"It's a dirty, dusty little garrison town," he agreed. "But we'll change that." He looked around the hall. "These are public rooms for state occasions. I've just glanced at some of the family apartments in the south wing. They're much nicer." He stepped closer, touched her arm, admiring her stateliness.

And again, he wondered at her unknown ancestry--a renegade House, perhaps? Some black-barred royalty? She looked more regal than the Emperor's own blood.

Under the pressure of his stare, she turned half away, exposing her profile. And he realized there was no single and precise thing that brought her beauty to focus. The face was oval under a cap of hair the color of polished bronze. Her eyes were set wide, as green and clear as the morning skies of Caladan. The nose was small, the mouth wide and generous. Her figure was good but scant: tall and with its curves gone to slimness.

He remembered that the lay sisters at the school had called her skinny, so his buyers had told him. But that description oversimplified. She had brought a regal beauty back into the Atreides line. He was glad that Paul favored her.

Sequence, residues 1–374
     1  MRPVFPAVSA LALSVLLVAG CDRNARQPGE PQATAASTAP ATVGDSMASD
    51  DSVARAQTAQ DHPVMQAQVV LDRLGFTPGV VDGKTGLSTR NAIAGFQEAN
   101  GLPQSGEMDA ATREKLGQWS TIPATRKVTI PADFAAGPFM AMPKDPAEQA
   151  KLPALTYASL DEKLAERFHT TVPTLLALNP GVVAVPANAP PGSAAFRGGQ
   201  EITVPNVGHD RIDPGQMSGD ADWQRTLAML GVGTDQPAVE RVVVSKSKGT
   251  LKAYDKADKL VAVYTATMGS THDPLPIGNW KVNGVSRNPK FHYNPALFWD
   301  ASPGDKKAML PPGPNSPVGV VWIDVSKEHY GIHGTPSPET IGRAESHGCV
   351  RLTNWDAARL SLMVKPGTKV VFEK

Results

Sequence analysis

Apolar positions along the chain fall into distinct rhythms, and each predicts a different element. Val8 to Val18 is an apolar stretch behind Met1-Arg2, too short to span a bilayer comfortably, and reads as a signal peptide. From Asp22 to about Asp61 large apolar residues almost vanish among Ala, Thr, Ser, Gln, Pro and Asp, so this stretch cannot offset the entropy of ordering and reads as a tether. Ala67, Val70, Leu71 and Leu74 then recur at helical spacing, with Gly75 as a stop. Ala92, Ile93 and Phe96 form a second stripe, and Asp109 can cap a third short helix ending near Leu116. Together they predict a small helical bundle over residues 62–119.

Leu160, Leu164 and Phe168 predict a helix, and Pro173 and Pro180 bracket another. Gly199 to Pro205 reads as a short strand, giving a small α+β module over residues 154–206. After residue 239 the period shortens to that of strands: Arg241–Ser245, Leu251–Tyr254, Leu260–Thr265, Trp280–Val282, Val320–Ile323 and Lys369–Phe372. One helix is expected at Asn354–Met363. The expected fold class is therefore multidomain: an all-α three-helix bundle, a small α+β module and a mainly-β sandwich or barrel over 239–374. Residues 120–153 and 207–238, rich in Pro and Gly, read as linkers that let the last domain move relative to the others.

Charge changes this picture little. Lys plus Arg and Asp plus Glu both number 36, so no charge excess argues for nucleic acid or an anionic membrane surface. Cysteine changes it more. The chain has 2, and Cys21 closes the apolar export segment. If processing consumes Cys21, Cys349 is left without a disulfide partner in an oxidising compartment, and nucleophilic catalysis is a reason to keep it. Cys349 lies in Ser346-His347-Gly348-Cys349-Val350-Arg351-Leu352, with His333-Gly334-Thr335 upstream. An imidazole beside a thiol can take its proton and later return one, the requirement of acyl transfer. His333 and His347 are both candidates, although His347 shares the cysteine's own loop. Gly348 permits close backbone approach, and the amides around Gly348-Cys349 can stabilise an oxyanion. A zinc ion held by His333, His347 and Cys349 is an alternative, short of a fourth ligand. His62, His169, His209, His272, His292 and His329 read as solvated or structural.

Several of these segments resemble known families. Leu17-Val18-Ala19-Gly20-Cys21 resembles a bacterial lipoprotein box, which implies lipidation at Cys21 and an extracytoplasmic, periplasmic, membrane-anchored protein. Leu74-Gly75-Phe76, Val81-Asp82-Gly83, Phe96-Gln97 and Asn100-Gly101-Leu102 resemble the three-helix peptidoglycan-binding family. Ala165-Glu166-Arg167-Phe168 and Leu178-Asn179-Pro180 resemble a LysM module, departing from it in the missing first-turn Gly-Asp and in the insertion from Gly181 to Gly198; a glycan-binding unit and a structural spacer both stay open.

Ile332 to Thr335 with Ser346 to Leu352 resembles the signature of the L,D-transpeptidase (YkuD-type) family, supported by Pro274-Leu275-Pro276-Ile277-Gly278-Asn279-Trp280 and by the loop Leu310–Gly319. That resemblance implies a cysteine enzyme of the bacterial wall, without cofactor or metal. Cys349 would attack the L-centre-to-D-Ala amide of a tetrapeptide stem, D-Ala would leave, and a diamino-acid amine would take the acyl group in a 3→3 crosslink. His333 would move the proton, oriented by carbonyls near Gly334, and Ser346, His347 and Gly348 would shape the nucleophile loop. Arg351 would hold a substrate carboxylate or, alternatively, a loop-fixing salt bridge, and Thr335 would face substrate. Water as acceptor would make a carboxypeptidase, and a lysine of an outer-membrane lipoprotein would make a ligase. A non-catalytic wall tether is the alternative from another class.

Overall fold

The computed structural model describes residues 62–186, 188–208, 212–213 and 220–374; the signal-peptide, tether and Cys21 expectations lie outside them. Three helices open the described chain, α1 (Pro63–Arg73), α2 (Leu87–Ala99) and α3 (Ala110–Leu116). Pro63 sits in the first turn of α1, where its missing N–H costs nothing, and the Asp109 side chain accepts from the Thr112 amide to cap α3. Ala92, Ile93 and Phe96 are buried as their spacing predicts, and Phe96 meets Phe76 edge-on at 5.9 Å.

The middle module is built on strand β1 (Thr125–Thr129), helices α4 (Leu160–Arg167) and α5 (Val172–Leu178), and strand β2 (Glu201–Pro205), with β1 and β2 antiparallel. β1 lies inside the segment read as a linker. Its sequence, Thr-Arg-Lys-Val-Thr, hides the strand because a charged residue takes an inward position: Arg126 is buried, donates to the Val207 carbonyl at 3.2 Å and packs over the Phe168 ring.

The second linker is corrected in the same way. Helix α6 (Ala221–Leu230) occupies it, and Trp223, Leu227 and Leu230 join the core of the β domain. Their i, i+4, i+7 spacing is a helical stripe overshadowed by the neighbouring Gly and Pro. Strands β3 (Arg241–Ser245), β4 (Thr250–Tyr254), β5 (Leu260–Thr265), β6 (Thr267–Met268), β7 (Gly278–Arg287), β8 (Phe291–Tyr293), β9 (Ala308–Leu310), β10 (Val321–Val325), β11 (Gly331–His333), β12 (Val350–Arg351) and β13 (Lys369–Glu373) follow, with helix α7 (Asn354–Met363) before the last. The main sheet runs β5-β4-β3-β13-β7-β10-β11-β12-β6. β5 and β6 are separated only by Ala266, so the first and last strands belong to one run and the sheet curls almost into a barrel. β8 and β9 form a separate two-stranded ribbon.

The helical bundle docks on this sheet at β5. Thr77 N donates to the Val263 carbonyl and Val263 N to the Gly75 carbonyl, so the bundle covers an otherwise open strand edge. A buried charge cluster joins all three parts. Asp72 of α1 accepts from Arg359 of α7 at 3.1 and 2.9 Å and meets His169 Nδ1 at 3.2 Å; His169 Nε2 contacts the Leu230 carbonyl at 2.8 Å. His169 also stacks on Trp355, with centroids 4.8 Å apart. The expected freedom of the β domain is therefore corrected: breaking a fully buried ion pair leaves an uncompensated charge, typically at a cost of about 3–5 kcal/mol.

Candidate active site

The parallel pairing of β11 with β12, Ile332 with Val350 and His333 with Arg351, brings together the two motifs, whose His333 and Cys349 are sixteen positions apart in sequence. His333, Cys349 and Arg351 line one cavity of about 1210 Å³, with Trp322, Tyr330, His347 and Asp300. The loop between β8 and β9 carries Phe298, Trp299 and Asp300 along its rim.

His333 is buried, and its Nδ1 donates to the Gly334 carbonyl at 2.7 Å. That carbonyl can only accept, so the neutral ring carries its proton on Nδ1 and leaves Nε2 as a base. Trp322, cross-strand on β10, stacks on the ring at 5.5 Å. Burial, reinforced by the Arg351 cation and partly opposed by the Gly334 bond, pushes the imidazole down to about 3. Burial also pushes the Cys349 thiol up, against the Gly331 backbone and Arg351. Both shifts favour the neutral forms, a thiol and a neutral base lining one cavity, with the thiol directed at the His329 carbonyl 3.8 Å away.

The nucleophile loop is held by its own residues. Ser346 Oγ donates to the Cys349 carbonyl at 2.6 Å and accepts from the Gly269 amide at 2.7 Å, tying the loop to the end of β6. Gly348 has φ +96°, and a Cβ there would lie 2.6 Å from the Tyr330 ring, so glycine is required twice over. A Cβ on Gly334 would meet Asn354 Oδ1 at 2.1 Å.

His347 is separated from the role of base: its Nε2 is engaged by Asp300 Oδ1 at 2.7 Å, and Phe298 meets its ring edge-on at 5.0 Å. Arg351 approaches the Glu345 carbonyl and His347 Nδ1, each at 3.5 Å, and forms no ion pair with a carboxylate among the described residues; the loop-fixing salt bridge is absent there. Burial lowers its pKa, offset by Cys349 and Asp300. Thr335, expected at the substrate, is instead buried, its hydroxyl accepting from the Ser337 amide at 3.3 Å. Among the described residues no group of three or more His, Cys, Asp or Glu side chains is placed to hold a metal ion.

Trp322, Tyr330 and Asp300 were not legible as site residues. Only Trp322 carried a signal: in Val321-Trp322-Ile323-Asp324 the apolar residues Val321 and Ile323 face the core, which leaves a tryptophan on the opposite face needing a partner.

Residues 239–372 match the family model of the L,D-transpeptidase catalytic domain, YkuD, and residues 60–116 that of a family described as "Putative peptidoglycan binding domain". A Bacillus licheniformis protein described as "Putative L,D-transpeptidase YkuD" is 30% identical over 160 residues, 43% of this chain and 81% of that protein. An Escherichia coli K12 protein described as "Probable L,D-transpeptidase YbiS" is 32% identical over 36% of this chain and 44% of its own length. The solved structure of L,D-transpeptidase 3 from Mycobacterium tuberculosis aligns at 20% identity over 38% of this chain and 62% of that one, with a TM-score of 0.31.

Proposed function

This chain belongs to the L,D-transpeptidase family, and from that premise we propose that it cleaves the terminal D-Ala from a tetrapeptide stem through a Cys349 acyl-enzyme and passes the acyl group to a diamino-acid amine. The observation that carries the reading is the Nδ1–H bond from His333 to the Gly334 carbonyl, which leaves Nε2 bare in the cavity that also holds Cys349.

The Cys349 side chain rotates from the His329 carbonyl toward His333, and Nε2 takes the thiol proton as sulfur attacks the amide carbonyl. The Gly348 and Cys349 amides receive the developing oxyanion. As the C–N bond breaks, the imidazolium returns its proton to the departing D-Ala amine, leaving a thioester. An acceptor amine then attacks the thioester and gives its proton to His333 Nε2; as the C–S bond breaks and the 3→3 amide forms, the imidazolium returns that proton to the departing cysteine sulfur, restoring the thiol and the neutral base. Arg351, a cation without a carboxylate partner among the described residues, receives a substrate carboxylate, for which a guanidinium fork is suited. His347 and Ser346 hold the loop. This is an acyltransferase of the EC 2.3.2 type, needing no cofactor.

"Where's Paul?" he asked.

"Someplace around the house taking his lessons with Yueh."

"Probably in the south wing," he said. "I thought I heard Yueh's voice, but I couldn't take time to look." He glanced down at her, hesitating. "I came here only to hang the key of Caladan Castle in the dining hall."

She caught her breath, stopped the impulse to reach out to him. Hanging the key--there was finality in that action. But this was not the time or place for comforting. "I saw our banner over the house as we came in," she said.

He glanced at the painting of his father. "Where were you going to hang that?"

"Somewhere in here."

"No." The word rang flat and final, telling her she could use trickery to persuade, but open argument was useless. Still, she had to try, even if the gesture served only to remind herself that she would not trick him.

"My Lord," she said, "if you'd only...."

"The answer remains no. I indulge you shamefully in most things, not in this. I've just come from the dining hall where there are--"

"My Lord! Please."

"The choice is between your digestion and my ancestral dignity, my dear," he said. "They will hang in the dining hall."

She sighed. "Yes, my Lord."

"You may resume your custom of dining in your rooms whenever possible. I shall expect you at your proper position only on formal occasions."

"Thank you, my Lord."

"And don't go all cold and formal on me! Be thankful that I never married you, my dear. Then it'd be your duty to join me at table for every meal."

She held her face immobile, nodded.

"Hawat already has our own poison snooper over the dining table," he said. "There's a portable in your room."

"You anticipated this .